Moving forward, Coleman’s ideas offer me much to think about. She offers ideas about how to theorize constructions of race, but also how this could lead to theorizing other constructions of race. And while she convinces me that race as a technology is a useful tool, I question if, and how, race might be a medium. After all, Barack Obama, as she points out, uses rhetorical devices and quotations from the Founding Fathers in a rhythm belonging to a Baptist preacher. His rhetorical style communicates an allure to white citizens, without alienating Black citizens. The same set of words, spoken in the same way, are decoded differently by separate groups. As Coates aptly writes about Obama, he has “found a third way,” a way which Coleman might argue is constructed by using race as a technology.

Coleman ask us to consider that thinking of race as a technology could potentially be a trap or a trap door. I believe in the trap door. Coleman’s theory can be used as an entry way into the unknown.


Works Cited


Beth Coleman, “Race as Technology,” Camera Obscura 24, no. 1 (2009): 176-207.


Ta-Nehisi Coates, We Were Eight Years In Power: An American Tragedy. New York: One World, (2017)


Nella Larsen, Passing. New York: Norton, (1929)


Marshall McLuhan, Understanding Media: The Extension of Man. Cambridge: MIT Press (1964)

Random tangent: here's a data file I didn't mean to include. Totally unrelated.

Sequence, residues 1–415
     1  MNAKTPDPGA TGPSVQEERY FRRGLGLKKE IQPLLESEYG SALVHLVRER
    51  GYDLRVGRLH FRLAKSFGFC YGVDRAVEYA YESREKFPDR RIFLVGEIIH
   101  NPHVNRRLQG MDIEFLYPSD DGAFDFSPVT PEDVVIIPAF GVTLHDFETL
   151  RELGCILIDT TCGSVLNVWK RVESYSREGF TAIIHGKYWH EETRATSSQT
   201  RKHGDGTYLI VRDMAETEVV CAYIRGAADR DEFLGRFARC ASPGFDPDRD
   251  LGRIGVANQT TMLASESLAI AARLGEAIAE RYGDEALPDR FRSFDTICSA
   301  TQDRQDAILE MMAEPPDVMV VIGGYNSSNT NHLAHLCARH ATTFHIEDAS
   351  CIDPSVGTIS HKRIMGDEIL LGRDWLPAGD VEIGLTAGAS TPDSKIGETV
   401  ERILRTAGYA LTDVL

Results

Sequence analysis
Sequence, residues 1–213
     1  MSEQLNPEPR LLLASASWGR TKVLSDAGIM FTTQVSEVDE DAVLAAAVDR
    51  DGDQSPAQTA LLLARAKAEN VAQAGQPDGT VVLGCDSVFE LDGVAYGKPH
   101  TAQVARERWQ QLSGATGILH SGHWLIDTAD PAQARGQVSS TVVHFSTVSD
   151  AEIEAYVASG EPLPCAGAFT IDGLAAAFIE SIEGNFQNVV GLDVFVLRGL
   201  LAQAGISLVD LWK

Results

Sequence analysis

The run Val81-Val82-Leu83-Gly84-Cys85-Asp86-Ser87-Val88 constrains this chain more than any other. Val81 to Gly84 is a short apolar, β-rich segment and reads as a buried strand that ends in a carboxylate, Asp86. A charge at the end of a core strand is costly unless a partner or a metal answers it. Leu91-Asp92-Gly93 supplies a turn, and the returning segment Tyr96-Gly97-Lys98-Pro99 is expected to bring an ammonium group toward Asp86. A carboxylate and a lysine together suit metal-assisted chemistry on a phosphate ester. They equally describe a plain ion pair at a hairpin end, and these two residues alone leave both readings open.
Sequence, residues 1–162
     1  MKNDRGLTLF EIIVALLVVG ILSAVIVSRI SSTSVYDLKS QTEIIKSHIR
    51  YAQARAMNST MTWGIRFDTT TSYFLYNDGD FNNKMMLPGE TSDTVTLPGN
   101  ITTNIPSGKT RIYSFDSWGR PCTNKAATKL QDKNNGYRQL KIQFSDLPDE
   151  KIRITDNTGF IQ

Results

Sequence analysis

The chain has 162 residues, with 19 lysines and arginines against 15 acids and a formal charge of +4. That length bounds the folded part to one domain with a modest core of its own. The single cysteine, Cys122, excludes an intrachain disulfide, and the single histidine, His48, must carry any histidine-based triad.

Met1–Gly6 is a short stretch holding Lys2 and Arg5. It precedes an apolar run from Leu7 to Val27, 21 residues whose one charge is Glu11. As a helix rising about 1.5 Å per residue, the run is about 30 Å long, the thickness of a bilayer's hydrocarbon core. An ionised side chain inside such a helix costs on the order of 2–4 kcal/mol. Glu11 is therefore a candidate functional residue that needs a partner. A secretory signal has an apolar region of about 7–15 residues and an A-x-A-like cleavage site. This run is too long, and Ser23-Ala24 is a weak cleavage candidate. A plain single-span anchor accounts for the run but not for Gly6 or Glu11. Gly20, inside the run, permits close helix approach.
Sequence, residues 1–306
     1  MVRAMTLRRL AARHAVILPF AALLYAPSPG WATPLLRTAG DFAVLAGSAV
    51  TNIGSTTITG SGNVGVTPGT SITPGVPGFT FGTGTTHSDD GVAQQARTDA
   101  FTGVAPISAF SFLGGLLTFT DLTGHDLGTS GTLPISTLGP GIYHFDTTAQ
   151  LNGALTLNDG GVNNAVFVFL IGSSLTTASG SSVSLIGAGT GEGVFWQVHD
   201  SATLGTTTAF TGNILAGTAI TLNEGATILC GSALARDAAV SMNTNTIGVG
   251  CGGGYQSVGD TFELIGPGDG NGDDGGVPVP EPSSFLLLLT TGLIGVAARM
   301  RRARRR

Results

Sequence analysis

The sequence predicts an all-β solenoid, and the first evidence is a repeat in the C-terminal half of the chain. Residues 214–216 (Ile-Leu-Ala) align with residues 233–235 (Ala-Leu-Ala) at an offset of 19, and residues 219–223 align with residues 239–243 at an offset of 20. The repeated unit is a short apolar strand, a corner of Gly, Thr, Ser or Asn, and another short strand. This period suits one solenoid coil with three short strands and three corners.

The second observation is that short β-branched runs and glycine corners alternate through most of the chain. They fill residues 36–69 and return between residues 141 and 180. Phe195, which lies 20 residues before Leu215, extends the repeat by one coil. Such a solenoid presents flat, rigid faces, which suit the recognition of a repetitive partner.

3 thoughts on “Beth Coleman’s “Race as Technology:” Rethinking Race

  1. I really enjoyed your synopsis of Beth Coleman’s “Race as Technology” and the way in which you used Ta-Nehisi Coates’s We Were Eight Years in Power to frame your essay. The questions you asked after reading Coleman, and Coates, are provocative and I would be interested in seeing your answer to them. Being familiar with your work, where do you plan on going from here? Where do authors like Roxane Gay and Yona Harvey fit? I look forward to seeing you build on this.

  2. You do a nice job encapsulating Coleman’s important critical work understanding how race serves as a technology much as other systems, standards, and forms of classification derived from the Enlightenment and colonialism that collapse in the Battle of Algiers also promote visions of technoculture. You engage with how Coleman also sees some liberatory power in approaching race as technology and question how the problematic nature of “passing” might not be adequately interrogated in Coleman’s text. In your clear lucid prose I particularly like how you raise the importance of intersectional perspectives, particularly given how many might also view gender or sexuality as technologies.

  3. I read your summary of Beth Coleman’s article on “Race as Technology” with interest. By giving Coleman’s background up front, you helped establish her credibility as an expert on race as a construct and on women’s contributions to new media. Based on the title of her article, I wondered what comparing race to technology meant, and also how the comparison was to be done. How is race like a technology? I appreciated your explaining this meant to denature and reframe the way race is studied from the way it has been represented through history. I did wonder what “denature” meant. It also seemed an important point to suggest there is a danger in separating the meaning of race from its meaning according to history. What would be lost in doing so?  What would be gained? I admired your discussion about how to think of race as a medium going forward and the need for decoding among different groups.  It was inspiring to read that President Obama had found a third way beyond rootedness or escaping as suggested in Ta-Nehisi Coates’ quote from We Were Eight Years in Power.